Independent contractors are few

Persons you pay to come into your home and work in your family child care business are almost always your employees. It doesn’t matter how few hours they work.

Daycare assistants are employees whether you hire them for one day, one week, or an entire year. Full-time, part-time, it doesn’t matter. Independent contractor situations are rare.

Many business owners miscategorize employees due to these common misconceptions.

According to the Internal Revenue Service, the general rule is that an individual is an independent contractor if the payer has the right to control or direct only the result of the work and not what will be done and how it will be done. Can you even imagine hiring a home childcare helper and not controlling what they do and how they do it?

Even if it’s late in the year, it’s not too late to get caught up on the proper employer paperwork. You have until the end of January (or possibly February) to provide your employees with a Form W-2.

If you are still tempted to treat your childcare assistant as an independent contractor, find out what a nightmare this created for a childcare provider in New York, as well as read the rest of this article.

Three reasons to treat your child care assistants as official employees:

Reason #1 – Preparing 1099s for workers have been known to trigger IRS audits.

Many child care providers prepare a Form 1099-MISC for their assistants at the end of the year, even though the Internal Revenue Service knows that your independent contractor situations are limited. Still, preparing a 1099 is better than nothing. The IRS recently announced a Voluntary Classification Settlement Program using Form 8952. Employers can get a significant break on the payroll taxes when converting workers from independent contractors to employee treatment under this program. To be eligible, however, you must have consistently filed 1099s.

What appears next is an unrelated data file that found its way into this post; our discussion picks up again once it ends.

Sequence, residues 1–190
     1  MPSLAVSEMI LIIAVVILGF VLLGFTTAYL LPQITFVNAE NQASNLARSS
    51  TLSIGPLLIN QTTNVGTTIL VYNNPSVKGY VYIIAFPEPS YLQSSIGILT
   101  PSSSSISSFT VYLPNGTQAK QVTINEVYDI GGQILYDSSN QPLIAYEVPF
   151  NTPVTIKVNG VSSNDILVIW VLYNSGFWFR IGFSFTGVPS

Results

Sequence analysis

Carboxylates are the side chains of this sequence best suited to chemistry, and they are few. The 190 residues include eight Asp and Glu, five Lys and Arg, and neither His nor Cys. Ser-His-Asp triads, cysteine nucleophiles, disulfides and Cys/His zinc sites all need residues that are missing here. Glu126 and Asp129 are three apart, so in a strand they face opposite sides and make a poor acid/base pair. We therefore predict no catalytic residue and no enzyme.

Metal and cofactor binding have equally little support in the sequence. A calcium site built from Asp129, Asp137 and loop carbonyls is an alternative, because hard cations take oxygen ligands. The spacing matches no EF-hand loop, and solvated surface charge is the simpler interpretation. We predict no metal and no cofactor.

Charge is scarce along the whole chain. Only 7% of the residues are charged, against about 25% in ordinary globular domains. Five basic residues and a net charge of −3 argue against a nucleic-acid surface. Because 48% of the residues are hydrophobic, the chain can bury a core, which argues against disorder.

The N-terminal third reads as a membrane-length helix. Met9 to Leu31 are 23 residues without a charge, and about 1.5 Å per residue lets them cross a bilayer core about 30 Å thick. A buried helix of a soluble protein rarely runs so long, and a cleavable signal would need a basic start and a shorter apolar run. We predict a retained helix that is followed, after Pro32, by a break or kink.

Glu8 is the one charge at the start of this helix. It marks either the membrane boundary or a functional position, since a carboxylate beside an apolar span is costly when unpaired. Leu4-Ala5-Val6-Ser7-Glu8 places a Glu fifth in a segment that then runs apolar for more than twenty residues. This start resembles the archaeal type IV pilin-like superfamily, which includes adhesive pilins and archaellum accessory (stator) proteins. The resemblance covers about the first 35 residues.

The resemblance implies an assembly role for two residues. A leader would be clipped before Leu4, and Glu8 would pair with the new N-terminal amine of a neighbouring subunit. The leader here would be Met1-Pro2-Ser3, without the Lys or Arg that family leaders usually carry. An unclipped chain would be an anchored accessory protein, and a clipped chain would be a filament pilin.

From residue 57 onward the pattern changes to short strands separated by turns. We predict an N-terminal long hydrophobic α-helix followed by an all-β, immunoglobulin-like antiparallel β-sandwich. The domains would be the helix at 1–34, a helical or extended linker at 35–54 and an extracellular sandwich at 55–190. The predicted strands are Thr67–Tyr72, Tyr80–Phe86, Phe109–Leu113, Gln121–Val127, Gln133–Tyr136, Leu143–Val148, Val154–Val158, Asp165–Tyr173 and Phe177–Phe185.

Reason #2 – It is super easy for a worker to rat you out either inadvertently or on purpose.

Commonly, former employees will apply for state unemployment benefits, which leads the authorities straight to your door. Many states, including Texas, are very aggressive in going after unpaid employment taxes.

Your assistant could also decide to tip off the Internal Revenue Service in order to reduce her tax bill. When she realizes that being treated as a 1099 contractor means paying higher taxes (self-employment tax and income tax), she may decide to attach Form 8919, Uncollected Social Security, and Medicare Tax on Wages to her federal income tax return and save some money. At the same time, she will submit a Form SS-8, which lets the IRS know how to contact you.

Reason #3 – LIABILITY is perhaps the most important reason to put your worker on the payroll.

If your daycare assistant sustains even a minor injury on the job, she can make a workers’ compensation claim. In California, if you fail to get workers’ compensation insurance, you are subject to a fine of up to $10,000, or imprisonment of up to one year, or both. You are also responsible for paying 100% of the worker’s medical bills. Accidents are all too common, including falls, bites, cuts, and vehicular mishaps. Don’t count on an injured worker to be your friend and keep quiet when they need care.

Besides workers’ compensation liability, there are also general business liability concerns. Does your insurance cover damages that arise from the actions of your assistant? Is coverage affected if you fail to treat your childcare assistant as an official employee? What if your worker is accused of child abuse? Check with your insurance agent to find out if coverage extends to employees and/or independent contractors and be aware of any situations that could limit your coverage.

All family child care providers should have specialized business liability insurance. If you don’t have a policy specific to daycare, check into it.

Bottom Line

Don’t be daunted by employment tax rules. It’s probably easier to comply with and less costly than you think. And it’s all deductible as a business expense on your tax return.

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